Sam MacPherson

Flash, Haxe, Game Dev and more…

Why Haxe is Just Awesome

Recently I’ve switched gears and am working on a website. For this website I had originally decided to use the Drupal CMS as the backend. This was before I actually started working with Drupal on another unrelated site. Drupal to me seems like a fine choice for certain kinds of websites, but in the end it just seems to rigid for my needs. It’s also built to minimize the amount of programming you need to do. The thing is that programming is one of my strengths, and I don’t want to ignore that when choosing a backend. However, I am not very knowledgeable in scripting languages — PHP/Javascript in particular. So I decided to give Haxe a try and so far I am loving it.

The fact that Haxe can compile to both javascript and php allows me to merge the server and client logic into the same codebase. Very nice for event driven behavior. For example, if I want to do client-side form validation, traditionally I would have to design the form in php and have some sort of javascript validation function loaded in somewhere. This is okay for small projects, but I am aiming big and want everything to be as nice as possible.

My solution was to abstract all the HTML nodes into an Element class and use that as the base for everything. The element class has a lot of fancy functionality for attaching and detaching classes and such, but at the core everything would operate through the getAttribute and setAttribute methods which (using conditional compile flags) compile differently depending on whether I was targeting javascript or php. Here are the methods:

public function setAttribute (key:String, value:String):Void {
	#if js
	domNode.setAttribute(key, value);
	attribs.set(key, value);

public function getAttribute (key:String):String {
	#if js
	return domNode.getAttribute(key);
	return attribs.get(key);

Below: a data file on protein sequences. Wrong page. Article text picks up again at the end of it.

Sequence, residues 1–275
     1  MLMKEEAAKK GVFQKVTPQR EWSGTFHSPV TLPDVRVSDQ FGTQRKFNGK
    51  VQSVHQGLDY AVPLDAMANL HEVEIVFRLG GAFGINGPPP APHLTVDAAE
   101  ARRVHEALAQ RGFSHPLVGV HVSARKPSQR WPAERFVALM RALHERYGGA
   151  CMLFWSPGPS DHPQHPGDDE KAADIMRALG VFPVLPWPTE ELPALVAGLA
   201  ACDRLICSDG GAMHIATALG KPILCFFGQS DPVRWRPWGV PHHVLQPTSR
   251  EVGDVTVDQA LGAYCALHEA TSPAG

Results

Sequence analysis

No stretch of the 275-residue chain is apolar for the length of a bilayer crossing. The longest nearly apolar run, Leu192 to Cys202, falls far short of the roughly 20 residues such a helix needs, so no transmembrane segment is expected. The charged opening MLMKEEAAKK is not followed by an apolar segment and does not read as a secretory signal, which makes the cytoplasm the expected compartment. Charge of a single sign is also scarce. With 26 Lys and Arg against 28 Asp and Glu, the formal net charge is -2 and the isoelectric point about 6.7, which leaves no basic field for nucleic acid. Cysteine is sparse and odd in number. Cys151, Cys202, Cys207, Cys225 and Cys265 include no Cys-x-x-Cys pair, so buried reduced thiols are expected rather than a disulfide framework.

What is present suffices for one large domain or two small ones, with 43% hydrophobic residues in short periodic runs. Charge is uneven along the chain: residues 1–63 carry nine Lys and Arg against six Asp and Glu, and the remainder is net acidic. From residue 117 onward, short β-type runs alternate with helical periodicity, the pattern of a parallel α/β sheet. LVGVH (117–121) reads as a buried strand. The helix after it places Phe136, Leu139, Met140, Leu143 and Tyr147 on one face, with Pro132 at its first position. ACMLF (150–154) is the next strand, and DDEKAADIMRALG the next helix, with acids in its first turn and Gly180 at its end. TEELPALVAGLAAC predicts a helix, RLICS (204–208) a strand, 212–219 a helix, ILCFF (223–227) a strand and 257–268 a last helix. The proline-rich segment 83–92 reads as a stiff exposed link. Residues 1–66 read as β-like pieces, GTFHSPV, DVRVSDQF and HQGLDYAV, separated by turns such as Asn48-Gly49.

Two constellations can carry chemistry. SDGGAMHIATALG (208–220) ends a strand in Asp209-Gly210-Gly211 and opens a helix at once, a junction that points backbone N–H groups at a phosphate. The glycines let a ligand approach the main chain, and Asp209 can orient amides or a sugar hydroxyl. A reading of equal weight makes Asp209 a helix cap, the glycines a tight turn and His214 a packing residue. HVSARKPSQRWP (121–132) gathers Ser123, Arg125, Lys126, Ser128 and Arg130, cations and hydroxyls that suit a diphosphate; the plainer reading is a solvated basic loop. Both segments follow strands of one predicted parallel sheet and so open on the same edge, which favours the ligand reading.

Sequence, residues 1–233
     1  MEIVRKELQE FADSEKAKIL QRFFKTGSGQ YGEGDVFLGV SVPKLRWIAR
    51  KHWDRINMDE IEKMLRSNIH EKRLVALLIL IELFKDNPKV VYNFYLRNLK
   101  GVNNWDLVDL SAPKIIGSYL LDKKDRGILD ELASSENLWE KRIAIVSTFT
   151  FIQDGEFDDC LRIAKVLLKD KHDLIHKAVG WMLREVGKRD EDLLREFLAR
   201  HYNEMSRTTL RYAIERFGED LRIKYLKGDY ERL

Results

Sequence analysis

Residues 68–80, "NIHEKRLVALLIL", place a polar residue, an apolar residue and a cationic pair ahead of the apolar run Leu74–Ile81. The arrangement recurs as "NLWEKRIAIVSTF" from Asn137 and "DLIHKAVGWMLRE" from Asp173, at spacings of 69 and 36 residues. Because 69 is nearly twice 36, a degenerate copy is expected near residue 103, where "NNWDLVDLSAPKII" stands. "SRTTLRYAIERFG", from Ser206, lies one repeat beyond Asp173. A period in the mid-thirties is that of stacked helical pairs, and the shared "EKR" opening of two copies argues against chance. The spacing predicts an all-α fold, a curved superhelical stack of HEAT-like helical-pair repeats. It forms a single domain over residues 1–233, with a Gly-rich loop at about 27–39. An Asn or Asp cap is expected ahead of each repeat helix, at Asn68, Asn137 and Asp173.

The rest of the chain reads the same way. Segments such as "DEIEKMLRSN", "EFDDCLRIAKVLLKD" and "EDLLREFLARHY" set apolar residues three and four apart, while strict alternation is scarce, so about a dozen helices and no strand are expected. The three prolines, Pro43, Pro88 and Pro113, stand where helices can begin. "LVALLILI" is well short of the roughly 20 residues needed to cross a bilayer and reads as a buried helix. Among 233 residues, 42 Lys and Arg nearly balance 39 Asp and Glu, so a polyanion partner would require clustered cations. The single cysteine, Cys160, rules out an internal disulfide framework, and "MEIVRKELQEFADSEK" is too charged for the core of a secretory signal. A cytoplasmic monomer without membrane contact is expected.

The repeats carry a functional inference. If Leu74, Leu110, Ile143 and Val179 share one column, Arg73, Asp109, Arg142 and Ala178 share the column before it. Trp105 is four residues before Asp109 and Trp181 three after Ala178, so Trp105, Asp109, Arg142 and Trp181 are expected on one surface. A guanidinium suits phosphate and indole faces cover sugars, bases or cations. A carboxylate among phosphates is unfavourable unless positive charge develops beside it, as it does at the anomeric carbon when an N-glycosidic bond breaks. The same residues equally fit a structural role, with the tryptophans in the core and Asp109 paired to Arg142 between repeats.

What the php version does is prepare the attributes for printing to the html response while the javascript version will access the properties directly on the html nodes. I then have a special bootstrap function in javascript (Idea taken from the Distill Haxe library) which will prepare the html into a tree of Element’s on load. If you want to do something similar then have a look at the Distill library for reference.

What does this allow me to do? Things like this.

class DivWithClickListener extends Element {
	public function new () {
		add(new P("Some text produced in PHP"));
		addEventListener(Element.EVENT_CLICK, this);

	public static function event (e:Event):Bool {
		Lib.alert("This is a javascript click event!");
		return true;

For technical reasons the event handler must be static, but I do include several useful properties.

Event.source:Element – The source object.
Event.handler:Element – The handler object.
Event.type:String – The event type.
Event.jsEvent:Dynamic – The original javascript event. (Browser dependant so should be used with care)

Accessing and changing the html elements is very simple. As I’ve made sure the Element class is completely functional from both php and javascript. So for example if you want to add/remove a class from an element then all you have to do is:


This code will do the exact same thing no matter if it’s run from the server or the client. Very cool!


2 responses to “Why Haxe is Just Awesome

  1. Jonathon Wisnoski June 13, 2011 at 9:28 pm

    Nice, looks like a good way to do it. I can get very confusing doing the whole client/server dance.

  2. Sam June 14, 2011 at 12:25 am

    Yeah not only that but avoiding the nightmare of browser dependencies that is javascript.

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